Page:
This year’s O’Reilly Velocity conference on DevOps and web performance began this morning at the New York Hilton. Keynote speakers briefed attendees on everything from “the serverless world” to data analytics, but a few talks focused on real-world scenarios that developers and IT leaders can learn and apply to their own organization in order to make sure DevOps is working in their favor.

Don’t gamble when it comes to reliability
Tom Croucher, site reliability engineer at Uber, was the first speaker at this year’s conference. He discussed a real-world example of how users can be impacted by a single small software issue, such as Uber’s outage in July, which affected more than 1 million riders and 450,000 drivers.

As a result of this outage, Croucher said Uber spent some time to understand what exactly went wrong with its systems to make sure it didn’t happen, since reliability is key. Like Uber, other companies might run into issues where their users will be negatively impacted, and so they should consider a few rules so that reliability is always in focus.

One rule Croucher discussed was making sure development teams know when something is broken. Companies can obsess over the data and fiddle with information, but this does not mean that teams know when something is broken. Organizations should know first how their users are impacted when something goes wrong, because knowing why something is broken is not the same as knowing what’s happening to your users, he said.

Another rule to follow is make sure mitigations are normal. For example, when moving traffic around as a result of a failed data center, development teams have to make sure they test. Testing is crucial, according to Croucher, so practice during peak times without letting anyone else know testing is being done. Also, make a plan and keep a log to understand how mitigations affect the system, load and capacity plan based on failover needs at peak.

DevOps, collaboration, and globally distributed teams
Ashish Kuthiala, senior director of marketing at HPE, hopped on stage next to talk about what he said to be the heart of DevOps: collaboration.

The big questions companies ask themselves, especially when they work at the global level like HPE, is how to get teams to work together consistently and with constant feedback loops.

One way that organizations can get their teams to work together and aim for that DevOps environment is to implement the use of ChatOps throughout all teams, which is what HPE is doing right now, said Kuthiala.

With ChatOps, HPE is able to collaborate with other teams throughout the IT department, but they also were able to augment its chat rooms with bots that were able to chat in real time. Bots are also set to retrieve statuses from other machines, so team members wouldn’t need to leave their desks to gather this information. Bots also send incident reports to other team members, who can then join a chat so they can all work on the issue together.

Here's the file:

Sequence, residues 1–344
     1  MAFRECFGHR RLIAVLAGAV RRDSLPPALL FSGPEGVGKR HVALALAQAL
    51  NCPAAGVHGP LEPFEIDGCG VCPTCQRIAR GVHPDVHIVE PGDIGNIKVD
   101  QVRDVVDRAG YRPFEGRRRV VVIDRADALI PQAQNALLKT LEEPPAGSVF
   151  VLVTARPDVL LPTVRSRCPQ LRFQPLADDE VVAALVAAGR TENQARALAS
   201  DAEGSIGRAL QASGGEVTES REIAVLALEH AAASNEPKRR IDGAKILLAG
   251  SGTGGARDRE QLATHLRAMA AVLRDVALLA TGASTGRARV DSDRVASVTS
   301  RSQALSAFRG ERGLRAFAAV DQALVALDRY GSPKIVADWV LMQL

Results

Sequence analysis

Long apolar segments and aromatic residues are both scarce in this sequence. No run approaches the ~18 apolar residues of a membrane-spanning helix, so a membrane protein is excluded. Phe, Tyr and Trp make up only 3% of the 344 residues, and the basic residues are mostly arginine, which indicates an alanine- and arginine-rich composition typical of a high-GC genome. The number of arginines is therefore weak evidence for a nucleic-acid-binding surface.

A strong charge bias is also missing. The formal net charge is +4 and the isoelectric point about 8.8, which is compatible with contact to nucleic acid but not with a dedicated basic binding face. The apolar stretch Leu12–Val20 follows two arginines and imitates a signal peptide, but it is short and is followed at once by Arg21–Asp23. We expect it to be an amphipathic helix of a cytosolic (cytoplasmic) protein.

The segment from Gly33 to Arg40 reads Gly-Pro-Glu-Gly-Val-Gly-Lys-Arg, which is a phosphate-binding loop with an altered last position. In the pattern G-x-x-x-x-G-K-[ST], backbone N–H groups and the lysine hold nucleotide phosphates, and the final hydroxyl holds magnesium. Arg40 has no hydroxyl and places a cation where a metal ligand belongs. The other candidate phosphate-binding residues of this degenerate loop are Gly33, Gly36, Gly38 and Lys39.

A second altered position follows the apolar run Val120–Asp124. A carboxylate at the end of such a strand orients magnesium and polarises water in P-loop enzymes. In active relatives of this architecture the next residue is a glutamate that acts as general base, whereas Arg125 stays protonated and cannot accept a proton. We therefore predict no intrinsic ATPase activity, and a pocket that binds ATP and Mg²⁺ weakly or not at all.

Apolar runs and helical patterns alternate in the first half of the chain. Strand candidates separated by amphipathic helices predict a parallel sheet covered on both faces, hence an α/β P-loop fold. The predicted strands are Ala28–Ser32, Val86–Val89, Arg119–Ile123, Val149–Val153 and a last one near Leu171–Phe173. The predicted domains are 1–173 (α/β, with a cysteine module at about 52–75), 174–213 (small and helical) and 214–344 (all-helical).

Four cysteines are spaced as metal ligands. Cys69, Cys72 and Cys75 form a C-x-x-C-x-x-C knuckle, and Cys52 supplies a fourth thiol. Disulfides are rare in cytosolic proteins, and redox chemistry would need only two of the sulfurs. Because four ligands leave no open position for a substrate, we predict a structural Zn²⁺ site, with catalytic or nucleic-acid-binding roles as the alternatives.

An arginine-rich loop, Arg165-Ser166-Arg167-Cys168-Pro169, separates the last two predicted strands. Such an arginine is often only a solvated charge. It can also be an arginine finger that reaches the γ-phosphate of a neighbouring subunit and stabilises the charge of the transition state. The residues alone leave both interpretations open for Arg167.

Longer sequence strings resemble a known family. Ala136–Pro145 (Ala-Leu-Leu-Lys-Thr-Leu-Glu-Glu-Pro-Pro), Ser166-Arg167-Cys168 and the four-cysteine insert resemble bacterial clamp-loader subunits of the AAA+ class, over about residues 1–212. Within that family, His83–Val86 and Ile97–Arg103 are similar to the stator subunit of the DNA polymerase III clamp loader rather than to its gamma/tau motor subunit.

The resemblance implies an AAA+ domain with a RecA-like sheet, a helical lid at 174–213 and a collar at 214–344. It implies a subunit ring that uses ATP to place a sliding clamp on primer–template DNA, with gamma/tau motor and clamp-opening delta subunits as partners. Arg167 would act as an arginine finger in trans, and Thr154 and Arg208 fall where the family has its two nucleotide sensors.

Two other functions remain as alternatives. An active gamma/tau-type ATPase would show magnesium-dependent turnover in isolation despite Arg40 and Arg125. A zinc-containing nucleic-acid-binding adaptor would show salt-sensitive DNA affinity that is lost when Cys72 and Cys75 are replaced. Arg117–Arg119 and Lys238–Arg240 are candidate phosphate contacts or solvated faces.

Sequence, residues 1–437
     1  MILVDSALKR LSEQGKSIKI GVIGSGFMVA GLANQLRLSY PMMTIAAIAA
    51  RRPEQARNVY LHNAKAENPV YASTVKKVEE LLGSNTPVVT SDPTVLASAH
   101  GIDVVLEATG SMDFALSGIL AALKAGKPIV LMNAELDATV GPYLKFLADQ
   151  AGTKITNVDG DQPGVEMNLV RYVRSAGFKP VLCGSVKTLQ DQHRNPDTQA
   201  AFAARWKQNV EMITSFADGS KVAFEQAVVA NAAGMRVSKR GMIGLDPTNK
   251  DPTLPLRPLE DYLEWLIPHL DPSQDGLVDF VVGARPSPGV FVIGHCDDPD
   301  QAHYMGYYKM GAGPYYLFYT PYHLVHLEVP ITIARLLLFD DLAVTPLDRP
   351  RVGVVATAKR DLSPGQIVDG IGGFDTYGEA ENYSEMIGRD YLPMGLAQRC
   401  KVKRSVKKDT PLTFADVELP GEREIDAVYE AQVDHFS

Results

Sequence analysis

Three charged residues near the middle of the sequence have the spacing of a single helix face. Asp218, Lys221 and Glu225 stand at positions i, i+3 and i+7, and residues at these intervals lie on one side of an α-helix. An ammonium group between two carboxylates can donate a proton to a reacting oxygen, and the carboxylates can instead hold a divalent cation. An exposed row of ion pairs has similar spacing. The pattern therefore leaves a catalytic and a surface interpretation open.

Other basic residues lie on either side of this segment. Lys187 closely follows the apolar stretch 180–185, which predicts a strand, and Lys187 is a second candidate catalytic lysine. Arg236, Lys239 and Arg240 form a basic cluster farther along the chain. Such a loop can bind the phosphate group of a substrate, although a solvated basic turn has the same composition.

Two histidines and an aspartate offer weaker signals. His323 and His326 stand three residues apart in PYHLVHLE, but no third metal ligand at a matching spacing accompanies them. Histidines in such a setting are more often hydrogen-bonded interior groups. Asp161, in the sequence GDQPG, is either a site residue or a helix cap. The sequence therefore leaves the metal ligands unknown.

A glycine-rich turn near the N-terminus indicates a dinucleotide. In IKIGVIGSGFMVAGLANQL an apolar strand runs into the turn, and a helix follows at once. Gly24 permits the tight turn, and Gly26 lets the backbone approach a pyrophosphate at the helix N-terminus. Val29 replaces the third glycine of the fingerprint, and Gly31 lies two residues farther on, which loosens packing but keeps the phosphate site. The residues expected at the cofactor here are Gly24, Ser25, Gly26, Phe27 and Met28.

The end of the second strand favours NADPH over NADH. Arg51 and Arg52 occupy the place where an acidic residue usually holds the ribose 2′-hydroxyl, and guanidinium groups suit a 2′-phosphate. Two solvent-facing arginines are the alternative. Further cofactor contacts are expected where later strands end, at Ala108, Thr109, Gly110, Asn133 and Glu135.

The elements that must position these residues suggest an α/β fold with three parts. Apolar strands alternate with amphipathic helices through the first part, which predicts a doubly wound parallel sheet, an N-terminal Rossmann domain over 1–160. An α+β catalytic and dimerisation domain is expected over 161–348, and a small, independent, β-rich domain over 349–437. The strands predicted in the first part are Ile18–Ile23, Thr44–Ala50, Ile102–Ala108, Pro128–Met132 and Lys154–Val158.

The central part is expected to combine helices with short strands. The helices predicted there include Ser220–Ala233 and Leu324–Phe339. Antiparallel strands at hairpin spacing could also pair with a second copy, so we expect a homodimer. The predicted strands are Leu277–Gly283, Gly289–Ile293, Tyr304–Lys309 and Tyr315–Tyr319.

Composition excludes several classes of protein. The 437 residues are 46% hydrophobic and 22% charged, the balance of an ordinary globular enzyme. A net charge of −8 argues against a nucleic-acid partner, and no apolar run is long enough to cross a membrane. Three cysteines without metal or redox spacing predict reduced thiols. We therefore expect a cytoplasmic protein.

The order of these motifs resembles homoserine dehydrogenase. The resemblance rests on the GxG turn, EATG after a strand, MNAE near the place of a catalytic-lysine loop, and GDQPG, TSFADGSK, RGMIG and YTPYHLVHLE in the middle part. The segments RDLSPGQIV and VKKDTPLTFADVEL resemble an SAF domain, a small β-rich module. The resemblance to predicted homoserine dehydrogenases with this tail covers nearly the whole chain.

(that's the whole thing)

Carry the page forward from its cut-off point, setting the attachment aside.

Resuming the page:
ChatOps helps HPE collaborate with other teams, and while teams are still siloed, it’s a step in the right direction for accelerating their DevOps transformation, said Kuthiala.

Two years in the U.S. Digital Service
Mikey Dickerson, who was heavily involved in rescuing, closed out this morning’s keynotes. He is a part of the United States Digital Service team, and he talked about his role in it and its role in creating technology experiences for the public.

The U.S. Digital Service is a network of startups across the Federal government, using design and technology as a way to deliver better technology experiences to Americans. The group has celebrated its second year, and the small team of seven or so has grown to almost 200 members.

A big question that Dickerson’s team had to ask themselves was what does it work on first? He said that the best way to figure out what projects to start with is to consider the greatest impact for the greatest number of people, and the likelihood of actually succeeding with the project.

One of the projects Dickerson talked about was one that Lisa Gelobter, chief digital service officer at the U.S. Department of Education, discussed briefly at last year’s Velocity conference. While is still a work in progress, much of the site has been revamped to give veterans a better user experience and make it easy for them to apply for healthcare.

Dickerson shared a few things the Digital Services team has learned that organizations can apply to their own projects. Point one is that an actual hard deadline and a sense of urgency are essential. He said that it is important to understand that huge institutions like government agencies were not built for innovation; they were built for durability and for a specific purpose. But, just because these agencies have lived for decades, it doesn’t mean they can’t change.

Other tips Dickerson shared were that successful projects defy organizational boundaries, and technology doesn’t ultimately change everything.

“We have tried many things, and this is the thing that does work,” said Dickerson. “This is the formula to repeat if you find yourself in a similar situation. Get a small [and powerful] team of people and make sure your people have access to the entire organization at all levels.”